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Rewriting History for P6 Spokesweaselsby chromatic (Archbishop)
|on Sep 14, 2013 at 19:49 UTC||Need Help??|
So you're not talking about what I was talking about, which was dealing with reality.
Were you there?
No way am I going to believe that that is a balanced characterization of what went down.
With all due respect, that's because you have no intent of reading the IRC logs or the mailing list archives of that time period. If you cared to do any research at all, you would have no trouble confirming my characterization of the event. You could start by looking at the commit rate to Parrot and correlating that with the "Rakudo doesn't want Parrot" discussions in December 2010 and January 2011 and then the Parrot commit rate going way down in February and March of 2011.
There is a correlation between those events.
"designed to be portable, with Parrot needing to evolve in to a dedicated NQP backend"
If you had bothered to do your research, you would know why that was never and would never be acceptable to Parrot.
It's sad that you can't be bothered, that you're so invested in propping up a project categorized by overpromising, underdelivering, and failure after failure that you're willing to take the sunshiney optimism of the people who were paid to work on the project over the opinion of dozens of volunteers who've been burned out or forced out of the project because they could no longer buy into the repeated promise that usable and useful software is just another six months away.
If you were truly interested in the truth, you'd ask the other people involved about their characterization of events.
You might start with a pointed question:
When Patrick and Jonathan said that they were going to rewrite NQP again to focus on VM independence because that independence was "important to the long term plans of Rakudo", what was your reaction?
... is it so difficult for you to conceive of a world in which volunteers would think that that circus of bungling was anything they'd like to participate in?
You know what's also sad? The fine whine of unrealistic expectations from Rakudo that Parrot could simultaneously provide a stable API (despite Rakudo reaching into the guts of Parrot) and meet every performance and feature goal of Rakudo, instantly updating Rakudo about any breakages, writing patches for Rakudo that they could apply when they saw fit, never actually testing Rakudo code against Parrot (that was Parrot's job, to test all external clients), and support existing abandonware that Rakudo had convinced people to import into the Parrot repository. With volunteer labor. To support a Rakudo project that had no qualms about breaking stuff their users had written or depended on—no qualms about not even testing that Rakudo broke stuff in its library or ecosystem.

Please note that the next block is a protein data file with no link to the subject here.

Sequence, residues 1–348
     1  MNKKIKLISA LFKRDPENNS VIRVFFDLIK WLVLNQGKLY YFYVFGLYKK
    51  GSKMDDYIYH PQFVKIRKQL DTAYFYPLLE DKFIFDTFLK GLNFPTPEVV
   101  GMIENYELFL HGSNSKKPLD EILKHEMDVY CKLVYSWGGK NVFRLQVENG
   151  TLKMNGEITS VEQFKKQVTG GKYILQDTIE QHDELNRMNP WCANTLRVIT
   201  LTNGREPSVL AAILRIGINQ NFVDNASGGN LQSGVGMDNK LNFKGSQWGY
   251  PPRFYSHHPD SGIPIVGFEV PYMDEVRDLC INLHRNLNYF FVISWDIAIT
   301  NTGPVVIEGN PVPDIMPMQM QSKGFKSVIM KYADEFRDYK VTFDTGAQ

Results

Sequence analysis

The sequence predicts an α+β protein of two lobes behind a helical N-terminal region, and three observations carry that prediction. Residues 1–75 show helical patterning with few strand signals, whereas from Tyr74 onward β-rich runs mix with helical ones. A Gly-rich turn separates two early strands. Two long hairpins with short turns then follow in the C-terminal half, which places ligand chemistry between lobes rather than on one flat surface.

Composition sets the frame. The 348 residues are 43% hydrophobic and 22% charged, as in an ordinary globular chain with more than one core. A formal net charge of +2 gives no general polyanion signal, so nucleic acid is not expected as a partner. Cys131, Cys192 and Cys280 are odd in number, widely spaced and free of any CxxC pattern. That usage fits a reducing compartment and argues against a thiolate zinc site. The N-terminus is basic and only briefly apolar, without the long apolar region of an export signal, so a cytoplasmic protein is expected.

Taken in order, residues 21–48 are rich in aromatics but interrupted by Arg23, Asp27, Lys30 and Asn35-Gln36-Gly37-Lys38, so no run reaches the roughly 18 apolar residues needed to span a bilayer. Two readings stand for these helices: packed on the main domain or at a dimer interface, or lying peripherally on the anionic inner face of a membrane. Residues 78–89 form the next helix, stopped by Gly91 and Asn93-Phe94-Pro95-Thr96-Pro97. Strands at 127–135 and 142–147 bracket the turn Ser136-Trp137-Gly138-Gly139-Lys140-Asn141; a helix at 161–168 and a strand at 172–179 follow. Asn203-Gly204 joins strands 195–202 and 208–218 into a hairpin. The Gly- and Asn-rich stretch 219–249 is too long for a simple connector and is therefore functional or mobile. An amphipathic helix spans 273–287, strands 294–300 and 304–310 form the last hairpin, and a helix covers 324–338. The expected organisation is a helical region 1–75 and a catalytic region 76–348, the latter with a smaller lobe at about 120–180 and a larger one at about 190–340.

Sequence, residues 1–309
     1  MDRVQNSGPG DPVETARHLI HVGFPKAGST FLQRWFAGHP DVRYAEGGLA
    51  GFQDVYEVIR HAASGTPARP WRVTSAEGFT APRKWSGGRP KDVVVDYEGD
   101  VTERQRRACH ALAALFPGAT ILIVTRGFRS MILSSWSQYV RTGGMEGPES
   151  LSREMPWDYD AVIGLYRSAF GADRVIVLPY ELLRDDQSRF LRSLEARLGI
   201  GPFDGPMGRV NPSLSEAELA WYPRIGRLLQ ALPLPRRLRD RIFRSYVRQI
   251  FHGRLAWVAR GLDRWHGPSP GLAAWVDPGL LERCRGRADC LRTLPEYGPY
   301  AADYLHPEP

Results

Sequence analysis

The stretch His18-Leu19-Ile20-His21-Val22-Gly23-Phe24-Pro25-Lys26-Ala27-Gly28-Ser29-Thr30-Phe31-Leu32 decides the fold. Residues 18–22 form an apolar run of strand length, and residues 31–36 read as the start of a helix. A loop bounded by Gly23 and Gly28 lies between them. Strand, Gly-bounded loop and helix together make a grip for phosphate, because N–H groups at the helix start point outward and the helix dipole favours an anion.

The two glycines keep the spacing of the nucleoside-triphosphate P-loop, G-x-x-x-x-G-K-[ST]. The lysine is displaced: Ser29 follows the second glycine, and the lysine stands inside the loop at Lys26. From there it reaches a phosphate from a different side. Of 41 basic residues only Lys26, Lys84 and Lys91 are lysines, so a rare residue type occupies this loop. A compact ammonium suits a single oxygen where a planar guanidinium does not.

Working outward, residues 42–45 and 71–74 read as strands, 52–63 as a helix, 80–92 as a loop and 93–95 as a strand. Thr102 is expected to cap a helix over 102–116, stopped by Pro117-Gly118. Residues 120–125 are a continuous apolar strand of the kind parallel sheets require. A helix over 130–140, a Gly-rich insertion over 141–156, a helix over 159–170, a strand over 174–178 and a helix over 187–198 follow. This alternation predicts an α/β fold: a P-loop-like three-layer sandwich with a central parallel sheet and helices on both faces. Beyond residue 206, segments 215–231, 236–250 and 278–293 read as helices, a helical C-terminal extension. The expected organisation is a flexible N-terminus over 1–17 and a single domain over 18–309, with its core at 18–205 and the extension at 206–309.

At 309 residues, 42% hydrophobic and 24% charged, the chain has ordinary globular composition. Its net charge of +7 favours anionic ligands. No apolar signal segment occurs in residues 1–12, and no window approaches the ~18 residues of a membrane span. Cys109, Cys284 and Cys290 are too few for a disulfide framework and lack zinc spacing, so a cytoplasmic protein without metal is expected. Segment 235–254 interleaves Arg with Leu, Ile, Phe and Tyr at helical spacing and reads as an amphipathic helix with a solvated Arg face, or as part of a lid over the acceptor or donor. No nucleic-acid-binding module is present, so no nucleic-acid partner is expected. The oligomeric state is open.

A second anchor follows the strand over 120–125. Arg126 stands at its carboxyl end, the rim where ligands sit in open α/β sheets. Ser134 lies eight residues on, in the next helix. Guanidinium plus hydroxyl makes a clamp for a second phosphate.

So, yeah, when Rakudo said "The long term support plan of running on multiple VM backends is so important that we're going to break everything right now, less than a year after Rakudo Star came out, and spend a year getting us back to the place we are right now instead of passing more spec tests or writing documentation or making stable and useful packages or testing the ecosystem or anything else that actually gets a useful and usable P6 into the hands of real users," I think you'd have to be quite a fool to imagine that that was motivated by anything other than "We don't want to use Parrot anymore." I certainly wouldn't spend two and a half years not delivering working software unless I had a goal I considered more important.
After all, it's not as if most of the Rakudo developers making this choice lacked commit access to Parrot. (If you're in the mood for grim amusement, look at the commit history to see who wrote the long-lamented Parrot object system.)
Patrick's utterly compelling logic
Post hoc ergo propter hoc. Parrot had its problems. Everyone agrees on that—but when the paid developers of Rakudo told the volunteers of Parrot (volunteers who'd worked on Parrot for years because they wanted to help realize a usable and usefl P6) that Parrot had no place in Rakudo, what did you expect to happen?
Don't take my word for it. Ask Dan. Ask Allison. Ask Jesse. Ask Nat. Ask Andrew. Ask Julian. Ask Vasily.